The special ceremony was followed by a sumptuous banquet in honour of the new Marquis of Pembroke.
Anne Boleyn was Henry VIII’s queen-in-waiting, not yet his consort because the struggled for the annulment of his marriage to Catherine of Aragon was still ongoing, so this title was a way of making Anne a suitable consort for the upcoming visit to Calais to meet Francis I of France. Anne required some status befitting of a future queen of England.
- LP v. 1274
15 thoughts on “1 September 1532 – Anne Boleyn Created Marquis of Pembroke”
That must have been SOME ceremony – controversial and shocking for the time, for a woman to be ennobled in her own right. Yet, not four years later, she was executed on charges of adultery and treason. Henry sure was a flip-flop artist!
Speaking of artists, has anyone ever tried to compose a picture of Anne in full regalia as Marchioness of Pembroke, based on the descriptions? That would be SO nice to see!
That picture would be great to see!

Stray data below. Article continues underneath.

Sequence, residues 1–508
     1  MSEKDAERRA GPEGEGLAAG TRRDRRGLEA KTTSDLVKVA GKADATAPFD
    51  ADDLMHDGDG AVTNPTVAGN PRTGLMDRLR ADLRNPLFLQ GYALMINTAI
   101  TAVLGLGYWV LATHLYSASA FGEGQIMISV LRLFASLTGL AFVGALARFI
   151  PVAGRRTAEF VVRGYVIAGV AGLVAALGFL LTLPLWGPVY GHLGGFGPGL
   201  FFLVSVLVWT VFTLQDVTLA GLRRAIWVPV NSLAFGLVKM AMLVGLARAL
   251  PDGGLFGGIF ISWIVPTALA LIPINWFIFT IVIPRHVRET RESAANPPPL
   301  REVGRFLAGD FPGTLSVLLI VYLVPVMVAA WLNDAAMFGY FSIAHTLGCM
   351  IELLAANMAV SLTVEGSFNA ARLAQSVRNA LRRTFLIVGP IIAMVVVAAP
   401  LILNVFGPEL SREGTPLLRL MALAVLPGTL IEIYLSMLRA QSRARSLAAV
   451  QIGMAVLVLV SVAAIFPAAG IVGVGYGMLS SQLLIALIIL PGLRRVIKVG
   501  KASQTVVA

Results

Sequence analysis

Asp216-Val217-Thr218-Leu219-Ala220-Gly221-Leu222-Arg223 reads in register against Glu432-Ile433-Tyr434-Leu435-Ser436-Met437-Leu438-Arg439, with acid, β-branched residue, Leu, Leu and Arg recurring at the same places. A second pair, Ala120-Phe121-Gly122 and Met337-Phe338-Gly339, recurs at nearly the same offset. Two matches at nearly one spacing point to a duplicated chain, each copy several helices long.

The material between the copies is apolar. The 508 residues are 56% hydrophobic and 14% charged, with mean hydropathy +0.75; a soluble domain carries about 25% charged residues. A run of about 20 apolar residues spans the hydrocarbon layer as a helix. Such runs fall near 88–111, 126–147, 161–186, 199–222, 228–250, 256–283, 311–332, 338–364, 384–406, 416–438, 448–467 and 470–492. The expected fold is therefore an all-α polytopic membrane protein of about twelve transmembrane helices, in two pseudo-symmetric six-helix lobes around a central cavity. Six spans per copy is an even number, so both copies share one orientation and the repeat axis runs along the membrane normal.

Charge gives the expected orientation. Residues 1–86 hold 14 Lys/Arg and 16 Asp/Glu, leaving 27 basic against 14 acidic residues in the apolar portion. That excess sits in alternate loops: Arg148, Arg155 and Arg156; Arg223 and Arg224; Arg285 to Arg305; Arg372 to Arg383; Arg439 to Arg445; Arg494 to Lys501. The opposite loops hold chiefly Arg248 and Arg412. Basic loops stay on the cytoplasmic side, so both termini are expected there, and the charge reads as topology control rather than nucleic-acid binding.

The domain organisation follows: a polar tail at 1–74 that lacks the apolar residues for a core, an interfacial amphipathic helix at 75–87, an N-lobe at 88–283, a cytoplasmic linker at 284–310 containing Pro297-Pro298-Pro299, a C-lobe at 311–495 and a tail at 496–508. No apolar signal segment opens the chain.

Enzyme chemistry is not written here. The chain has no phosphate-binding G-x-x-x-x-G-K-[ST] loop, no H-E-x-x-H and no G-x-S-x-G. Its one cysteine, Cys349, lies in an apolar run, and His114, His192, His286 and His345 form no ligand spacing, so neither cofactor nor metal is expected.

I’ve always been interested to know, what exactly was the reasoning behind the masculine term Marquis, rather than the feminine Marquess? Was this to ensure that she had this title in her own right and establishing that her future husband would not share the title? I suppose I think it is confusing because surely Henry could have altered the law to have the female allowed to control their property. So essentially what I’m asking is that was Henry being the sexist and not wanting females of the land to have control of their wealth, except for Anne who he saw as different? Or was the law fairer to women than I assume? When women were widowed as say for example their husband was the Duke of Sussex, they get the title of Dowager Duchess of Sussex obviously, but is this any sort of actual entitlement from the king, or is it simply a title with no control, and the widow must either live off of what their husband willed to them or marry another? In the instance that they had no male heir, but a grown adult daughter, would that daughter have any claim to the Duchess title? In the instance there is a male child not yet of age, does the mother act as ‘regent’ (for lack of a better word) for child and is therefore allowed control of the estate?